Discussion in 'Bicycle Mechanics and Repairs' started by Bigtallfatbloke, 23 Jun 2008.
...I just read the alu frame thread..interesting...so how long will a carbon frame last?
Until it breaks!
Who knows? Until it breaks is probably the most accurate answer.
Assuming it has been properly designed and fabricated and is cared for well then the answer is probably forever. However, the problem with carbon fibre as opposed to metals is that its failure tends to be catastrophic so there isn't a crack that attracts your attention and stops you riding before your forks snap off!
Because of this people tend to adopt a cautious approach. Since you can't inspect for any internal damage then if the frame or forks get a large knock then they should probably be replaced. But what constitutes a large knock? A crash certainly, but what about your bike falling over or someone banging your bike outside the caff?? (I would have though both of these last two would be okay, but who knows?)
I have a friend who has carbon forks on his time trial bike and he was told he should replace them after two years! Two years has past and he's still running them but admits that he's nervous about them.
The problem with carbon fibre is that it can delaminate on the inside and be far weaker than it should be without showing any signs at all on the outside.
Can you prove it delaminates on the inside Mr Pig? Or is that just your opinion?
I would say Carbon frames will last as long as any other frame. Its impact that will damage it, time won't
> CARBON - Frames - How long...
Makes me think of how the fibres will last ?????????
Yes, but the problem is that you can't see if the impact has damaged it. But I agree, it won't deteriorate with age.
'Delamination' is a mode of failure for composite materials. In laminated materials repeated cyclic stresses, impact, and so on can cause layers to separate, forming a mica-like structure of separate layers, with significant loss of mechanical toughness. Delamination also occurs in reinforced concrete structures subject to reinforcement corrosion, in which case the oxidized metal of the reinforcement is greater in volume than the original metal. The oxidized metal therefore requires greater space than the original reinforcing bars, which causes a wedge-like stress on the concrete. This force eventually overcomes the relatively weak tensile strength of concrete, resulting in a separation (or delamination) of the concrete above and below the reinforcing bars.
Delamination is an insidious kind of failure as it develops inside of the material, without being obvious on the surface, much like metal fatigue.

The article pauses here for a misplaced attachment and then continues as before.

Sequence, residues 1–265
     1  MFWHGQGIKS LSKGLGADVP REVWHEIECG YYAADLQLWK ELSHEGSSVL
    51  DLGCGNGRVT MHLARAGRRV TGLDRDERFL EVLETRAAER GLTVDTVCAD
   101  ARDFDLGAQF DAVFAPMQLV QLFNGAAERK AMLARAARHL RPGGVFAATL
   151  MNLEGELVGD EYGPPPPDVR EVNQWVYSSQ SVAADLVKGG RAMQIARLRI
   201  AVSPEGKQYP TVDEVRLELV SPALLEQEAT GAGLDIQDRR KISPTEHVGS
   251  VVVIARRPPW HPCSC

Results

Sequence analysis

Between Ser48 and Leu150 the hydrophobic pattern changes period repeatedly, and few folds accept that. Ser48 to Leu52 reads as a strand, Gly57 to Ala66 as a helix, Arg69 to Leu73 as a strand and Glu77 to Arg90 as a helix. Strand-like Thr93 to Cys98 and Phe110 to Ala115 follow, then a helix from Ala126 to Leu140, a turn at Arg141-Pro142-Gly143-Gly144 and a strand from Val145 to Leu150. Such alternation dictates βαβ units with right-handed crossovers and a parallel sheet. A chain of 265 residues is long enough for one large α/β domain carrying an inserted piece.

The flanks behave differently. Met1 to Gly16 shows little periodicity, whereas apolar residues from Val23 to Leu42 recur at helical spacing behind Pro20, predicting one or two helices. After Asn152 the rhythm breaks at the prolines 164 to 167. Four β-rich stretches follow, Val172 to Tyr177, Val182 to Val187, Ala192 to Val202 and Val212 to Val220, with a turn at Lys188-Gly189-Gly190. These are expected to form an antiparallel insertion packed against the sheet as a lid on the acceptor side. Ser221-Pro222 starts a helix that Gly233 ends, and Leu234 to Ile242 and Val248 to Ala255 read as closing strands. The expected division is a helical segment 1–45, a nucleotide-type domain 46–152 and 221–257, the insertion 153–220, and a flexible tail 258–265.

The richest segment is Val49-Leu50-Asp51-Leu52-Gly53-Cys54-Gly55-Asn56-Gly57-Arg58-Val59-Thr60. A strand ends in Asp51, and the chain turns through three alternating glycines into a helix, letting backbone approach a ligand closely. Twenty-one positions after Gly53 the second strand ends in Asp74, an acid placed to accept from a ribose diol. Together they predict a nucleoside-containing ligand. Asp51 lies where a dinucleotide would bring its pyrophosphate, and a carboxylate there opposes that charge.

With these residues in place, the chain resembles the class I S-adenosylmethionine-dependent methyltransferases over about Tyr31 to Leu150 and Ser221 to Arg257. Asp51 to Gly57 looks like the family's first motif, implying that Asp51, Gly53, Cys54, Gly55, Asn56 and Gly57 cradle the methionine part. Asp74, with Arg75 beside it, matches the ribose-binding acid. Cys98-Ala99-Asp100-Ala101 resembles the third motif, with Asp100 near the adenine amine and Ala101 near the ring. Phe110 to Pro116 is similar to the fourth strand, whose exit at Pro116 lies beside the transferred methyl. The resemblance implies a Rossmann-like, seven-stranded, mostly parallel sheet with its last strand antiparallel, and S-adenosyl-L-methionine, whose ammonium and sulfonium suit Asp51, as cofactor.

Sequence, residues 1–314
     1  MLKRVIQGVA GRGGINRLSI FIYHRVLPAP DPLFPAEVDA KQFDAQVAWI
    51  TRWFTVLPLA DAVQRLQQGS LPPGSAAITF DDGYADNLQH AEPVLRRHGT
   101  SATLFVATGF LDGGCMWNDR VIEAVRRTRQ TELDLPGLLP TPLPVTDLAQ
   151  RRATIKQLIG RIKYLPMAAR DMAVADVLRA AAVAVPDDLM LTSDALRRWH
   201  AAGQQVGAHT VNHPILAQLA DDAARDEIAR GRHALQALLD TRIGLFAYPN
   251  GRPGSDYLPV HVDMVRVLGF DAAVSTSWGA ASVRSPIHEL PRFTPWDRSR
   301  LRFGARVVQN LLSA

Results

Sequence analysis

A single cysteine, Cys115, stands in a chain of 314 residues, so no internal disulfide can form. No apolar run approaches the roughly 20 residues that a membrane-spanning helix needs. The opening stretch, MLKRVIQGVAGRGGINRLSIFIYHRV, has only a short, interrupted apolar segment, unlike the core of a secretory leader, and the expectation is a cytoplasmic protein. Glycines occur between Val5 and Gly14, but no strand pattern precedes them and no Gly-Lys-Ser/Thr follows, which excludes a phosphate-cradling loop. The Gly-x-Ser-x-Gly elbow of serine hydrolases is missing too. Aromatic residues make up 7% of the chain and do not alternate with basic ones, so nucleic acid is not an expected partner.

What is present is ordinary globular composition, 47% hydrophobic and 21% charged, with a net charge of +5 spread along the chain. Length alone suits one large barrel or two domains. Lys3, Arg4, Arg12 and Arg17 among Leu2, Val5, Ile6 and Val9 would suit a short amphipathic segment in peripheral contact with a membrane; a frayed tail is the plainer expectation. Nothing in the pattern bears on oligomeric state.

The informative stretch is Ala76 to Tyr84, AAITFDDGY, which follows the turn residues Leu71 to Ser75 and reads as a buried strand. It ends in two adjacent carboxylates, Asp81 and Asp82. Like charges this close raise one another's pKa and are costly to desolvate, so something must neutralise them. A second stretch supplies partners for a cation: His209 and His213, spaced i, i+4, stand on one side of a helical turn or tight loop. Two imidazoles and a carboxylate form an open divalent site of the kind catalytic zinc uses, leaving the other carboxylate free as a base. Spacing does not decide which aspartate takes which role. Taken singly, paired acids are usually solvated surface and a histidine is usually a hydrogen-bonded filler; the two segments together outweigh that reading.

Delamination failure may be detected in the material by its sound; solid composite has bright sound, while delaminated part sounds dull, reinforced concrete sounds solid, whereas delaminated concrete will have a light drum-like sound when exposed to a dragged chain pulled across its surface. Bridge decks in cold climate countries which use de-icing salts and chemicals are commonly subject to delamination and as such are typically scheduled for annual inspection by chain-dragging as well as subsequent patch repairs of the surface. Other nondestructive testing methods are used, including embedding optical fibers coupled with optical time domain reflectometer testing of their state, testing with ultrasound, radiographic imagining, and infrared imaging.
Some manufacturers of carbon composite bike frames suggest to dispose of the expensive frame after a particularly bad crash, because the impact could develop defects inside the material.
Due to increasing use of composite materials in aviation, delamination is increasingly an air safety concern, especially in the tail sections of the airplanes.
Delamination risk is as old as composite material. During the 1940s, several Yak-9s experienced delamination of plywood in their construction.
Retrieved from "http://en.wikipedia.org/wiki/Delamination"
Taken from the brillant Wiki:site
Carbon lasts longer than metal.Only love is stronger than carbon.Bonding is a different story.I believe that a good glue (epoxy) can last for 2000 hours of work, or about 800 days, not in continuous daylight, and below 35 Celsius.Whenever a carbon "part" has crashed, even if you cannot see a failure, if there is any reasonable doubt about having surpassed the elongation limit, the part must be replaced.
That makes me wonder about a touch of wheels I had a while back.
I think that's the point, you don't know. Obviously pro riders use carbon parts but I doubt if they'll use the same part for years!
I don't think it's a more risky material than steel or aluminum etc, just that the way it behaves and wears out is different. Don't think I'd buy second hand carbon forks though.
Well I cant afford to go replacing carbon frame/forks/stays etc whenever I get a knock or every two years etc...they are dam expensive ....maybe I should revise my plans for a carbon 928 bianchi...although I do love that bike.
BTFB. The two years is just a cover their arse statement from some manufacturers. I would go with the view that carbon fibre stuff will effectively last forever as long as you don't crash it. People have been using carbon fibre forks for years without widepsread failures.
That's probably why titanium is becoming so popular now and so many companies are now specialising in this material.
How about an Enigma ?
I think it is; it is the mode of failure: steel is nice as it is likely to bend first giving you warning whereas aluminium alloy or carbn fibre just snap.
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